July 14, 2008

Do You Find This Offensive?


Take a look at this cartoon by prominent cartoonist Emad Hajjaj. It shows a man talking to Mohannad from the hit show Noor, saying "The Arab woman is a fan. She's her own enemy in elections. She consents to beating and polygamy. She likes to have boys and not girls. She doesn't continue her education because of society's customs. She is of dark skin but with a blond complex. Modern in appearance but empty in substance." To which Mohannad replies, "Just what I needed! An Arab woman who is no match for the Turkish women! Just give her my photo and tell her much obliged."


The National Committee for Women in Jordan, represented by Asma Khader, whom I greatly admire, sent a letter to Alghad newspaper, where the cartoon was published, expressing resentment about the drawing, which according to them "portrays an unfair image about Arab women, and Jordanian women in particular, and that the negatives he mentioned are the exception and should not be generalized."


Now I agree, the drawing is overly generalizing, because of course it does not describe all Arab women, but then again, isn't exaggeration the point of most cartoons? That's how they convey their message. And let's face it, the negatives are not the exception. Most of what he said is sadly correct. Women are their own worst enemy, and I always say that. Last elections were the first time a woman won outside the designated women's quota. A step forward, without a doubt, but ONE woman. Out of 104 parliamentary seats, just one woman won. Also, many women are just looking to get married, and whether their husbands are already married, beat them, forbid them from working or continuing their education is besides the point, because society dictates they get married or else they're considered a source of shame for their families. And don't get me started on how in this day and age, people, including WOMEN, still prefer baby boys over baby girls. And the blond complex? How else could Fair and Lovely still be in business? Or the rest of Amman's hairdressers for that matter?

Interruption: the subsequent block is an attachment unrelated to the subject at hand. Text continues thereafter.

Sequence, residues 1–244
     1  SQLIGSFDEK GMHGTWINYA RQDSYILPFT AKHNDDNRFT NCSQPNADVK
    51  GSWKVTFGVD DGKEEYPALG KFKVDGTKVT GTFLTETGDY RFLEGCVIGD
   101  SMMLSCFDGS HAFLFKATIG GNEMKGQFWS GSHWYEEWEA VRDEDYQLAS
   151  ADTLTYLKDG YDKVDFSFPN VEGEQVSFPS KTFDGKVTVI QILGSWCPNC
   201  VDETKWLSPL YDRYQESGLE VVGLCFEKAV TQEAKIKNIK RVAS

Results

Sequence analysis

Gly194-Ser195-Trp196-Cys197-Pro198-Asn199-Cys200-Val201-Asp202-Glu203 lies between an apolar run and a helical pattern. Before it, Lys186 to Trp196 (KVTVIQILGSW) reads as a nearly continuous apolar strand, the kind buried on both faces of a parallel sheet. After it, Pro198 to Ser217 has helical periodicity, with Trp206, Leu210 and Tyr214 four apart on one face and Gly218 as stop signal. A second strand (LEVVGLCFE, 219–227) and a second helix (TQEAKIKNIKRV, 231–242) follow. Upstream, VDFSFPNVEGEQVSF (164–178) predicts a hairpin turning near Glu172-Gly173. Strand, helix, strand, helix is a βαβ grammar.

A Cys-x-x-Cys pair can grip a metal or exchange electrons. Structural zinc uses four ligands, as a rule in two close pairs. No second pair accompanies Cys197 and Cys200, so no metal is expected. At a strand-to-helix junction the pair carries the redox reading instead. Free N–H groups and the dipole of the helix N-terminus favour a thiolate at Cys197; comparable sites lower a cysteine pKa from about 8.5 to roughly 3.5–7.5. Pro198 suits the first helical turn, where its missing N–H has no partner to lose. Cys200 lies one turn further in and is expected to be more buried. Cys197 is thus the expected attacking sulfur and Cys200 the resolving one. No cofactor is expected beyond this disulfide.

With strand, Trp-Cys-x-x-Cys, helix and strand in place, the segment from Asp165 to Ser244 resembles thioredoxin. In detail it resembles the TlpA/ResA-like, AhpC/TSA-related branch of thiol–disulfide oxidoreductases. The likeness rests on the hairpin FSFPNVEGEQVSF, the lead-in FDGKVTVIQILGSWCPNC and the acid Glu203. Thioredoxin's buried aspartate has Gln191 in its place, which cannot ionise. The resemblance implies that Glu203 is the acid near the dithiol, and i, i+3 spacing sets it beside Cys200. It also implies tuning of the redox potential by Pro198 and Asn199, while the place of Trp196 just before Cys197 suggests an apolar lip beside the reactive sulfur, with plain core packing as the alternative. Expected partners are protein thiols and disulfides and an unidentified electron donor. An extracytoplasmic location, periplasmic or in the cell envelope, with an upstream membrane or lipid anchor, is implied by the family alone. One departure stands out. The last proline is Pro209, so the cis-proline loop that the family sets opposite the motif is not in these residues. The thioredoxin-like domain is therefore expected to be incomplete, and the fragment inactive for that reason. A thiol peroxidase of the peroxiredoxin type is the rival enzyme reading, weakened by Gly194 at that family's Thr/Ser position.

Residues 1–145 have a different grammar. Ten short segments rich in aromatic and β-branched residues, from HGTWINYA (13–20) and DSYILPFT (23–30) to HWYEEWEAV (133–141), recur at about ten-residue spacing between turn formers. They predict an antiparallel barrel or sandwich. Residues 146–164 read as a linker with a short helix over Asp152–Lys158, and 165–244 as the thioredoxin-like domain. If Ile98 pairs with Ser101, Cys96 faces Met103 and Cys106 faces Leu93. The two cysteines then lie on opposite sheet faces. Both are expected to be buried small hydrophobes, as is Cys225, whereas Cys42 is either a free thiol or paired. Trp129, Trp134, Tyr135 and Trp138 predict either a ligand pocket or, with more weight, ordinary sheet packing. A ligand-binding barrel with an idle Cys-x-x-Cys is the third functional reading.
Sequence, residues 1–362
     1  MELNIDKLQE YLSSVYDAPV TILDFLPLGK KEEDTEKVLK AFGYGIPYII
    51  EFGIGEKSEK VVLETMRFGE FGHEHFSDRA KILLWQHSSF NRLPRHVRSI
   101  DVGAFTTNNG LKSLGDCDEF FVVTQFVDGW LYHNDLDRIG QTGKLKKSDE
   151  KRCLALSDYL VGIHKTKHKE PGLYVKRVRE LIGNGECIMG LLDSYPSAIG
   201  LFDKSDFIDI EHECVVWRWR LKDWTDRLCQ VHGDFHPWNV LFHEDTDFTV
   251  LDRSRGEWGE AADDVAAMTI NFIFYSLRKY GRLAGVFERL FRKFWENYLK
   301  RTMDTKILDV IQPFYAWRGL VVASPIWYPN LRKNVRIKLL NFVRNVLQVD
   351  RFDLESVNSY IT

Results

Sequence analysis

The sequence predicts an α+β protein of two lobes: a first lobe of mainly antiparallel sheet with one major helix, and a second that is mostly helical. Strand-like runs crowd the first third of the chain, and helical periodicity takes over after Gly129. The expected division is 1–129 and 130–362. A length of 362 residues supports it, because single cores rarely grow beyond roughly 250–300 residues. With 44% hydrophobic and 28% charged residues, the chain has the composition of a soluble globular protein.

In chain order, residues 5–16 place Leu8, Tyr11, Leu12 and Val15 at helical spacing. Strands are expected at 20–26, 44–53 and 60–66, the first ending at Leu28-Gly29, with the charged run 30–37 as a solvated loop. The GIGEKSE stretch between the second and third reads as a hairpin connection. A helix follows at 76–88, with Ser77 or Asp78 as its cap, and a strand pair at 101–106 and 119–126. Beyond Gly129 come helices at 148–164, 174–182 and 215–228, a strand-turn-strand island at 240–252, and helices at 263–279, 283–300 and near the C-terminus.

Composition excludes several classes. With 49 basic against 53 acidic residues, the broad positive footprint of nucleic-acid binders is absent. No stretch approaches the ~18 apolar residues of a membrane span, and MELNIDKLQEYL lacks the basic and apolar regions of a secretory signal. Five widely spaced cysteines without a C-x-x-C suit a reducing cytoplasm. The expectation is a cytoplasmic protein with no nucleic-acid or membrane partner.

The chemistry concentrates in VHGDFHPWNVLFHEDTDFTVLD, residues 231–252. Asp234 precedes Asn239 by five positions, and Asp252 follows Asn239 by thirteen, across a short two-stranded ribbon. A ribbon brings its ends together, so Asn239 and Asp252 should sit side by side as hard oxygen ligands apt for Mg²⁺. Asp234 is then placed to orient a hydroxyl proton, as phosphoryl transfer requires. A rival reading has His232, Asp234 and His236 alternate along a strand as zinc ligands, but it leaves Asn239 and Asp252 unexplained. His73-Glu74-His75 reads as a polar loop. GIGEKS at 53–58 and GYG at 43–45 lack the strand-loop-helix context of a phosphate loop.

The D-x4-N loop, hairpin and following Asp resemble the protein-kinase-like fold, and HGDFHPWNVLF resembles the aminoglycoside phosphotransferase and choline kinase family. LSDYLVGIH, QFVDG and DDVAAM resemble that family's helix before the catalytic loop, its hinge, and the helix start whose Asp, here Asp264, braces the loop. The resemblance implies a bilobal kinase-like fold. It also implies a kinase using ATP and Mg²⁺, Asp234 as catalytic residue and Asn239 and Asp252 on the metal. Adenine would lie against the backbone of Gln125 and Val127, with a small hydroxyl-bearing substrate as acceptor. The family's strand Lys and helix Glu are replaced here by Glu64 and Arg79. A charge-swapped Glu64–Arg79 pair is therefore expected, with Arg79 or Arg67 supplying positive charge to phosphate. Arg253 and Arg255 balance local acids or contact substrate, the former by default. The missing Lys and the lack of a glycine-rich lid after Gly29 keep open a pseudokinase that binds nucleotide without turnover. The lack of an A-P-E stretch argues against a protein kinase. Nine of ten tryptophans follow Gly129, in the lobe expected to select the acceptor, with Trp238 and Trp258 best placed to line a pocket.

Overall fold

I disagree with Hajjaj in that not all those who watch the show are empty and superficial. I mean come on, it's just a TV show, even though I still do not understand the obsession. And half the poeple I know who watch the show are actually guys. I think maybe Hajjaj was lamenting how people became obsessed with a show and seemed to forget all the problems we have? I don't know. But I for one, refuse to attack Hajjaj. He is one of the very few openly speaking male feminists in our society and he deserves some credit for that.

11 comments:

Qu.ing said...

I think part of it offensive since it's not funny plus he is mocking all of the arab girls and putting them all at the same place while we have more educated women and well mannered than any other country

Mohanned said...

I don't see it offensive, and his intentions are clear; It is like a wake up call or a slap to the society and especially women. Anywho, you can't blame either party, coz being offended is part of our culture, if you don't get offended you will be labeled with many adjectives none of which makes you feel good :)

Husams said...

Yes it is somehow offensive, but it is immature when we don’t accept a truth and try to hide it! as you said sadly it represents a wide margin of Jordanian women, mostly of who watch the series and enduring a guilty enjoyment hidden behind controversy of self projected beliefs. Yet most of the commenters on Alghad attacked Emad for that he is including religious values such as polygamy and wife beating, in a sense that all women should accept these values. I’m sure Emad knew he would be attacked for his cartoon, yet he published it, I salute Emad for his courage. It is after all what freedom of expression is about.

Farah said...

Farahs will dominate the world soon - I assure you ;)

I'm surprised at the amount of pro-Hajjaj cartoon people out there! I am all for being brave and addressing the marginal segment of women that are like this, but certainly not in this manner. If Hajjaj's INTENT is feminist in nature, the MEANS certainly does not fulfill this goal strongly and clearly; how many men (and women!) commented on he cartoon by belittling the women accused in the drawing and supporting the largely UN-feminist message of it? To me this cartoon is like shooting someone in the head to show people how shooting someone in the head is bad; it's counter productive- to say the least.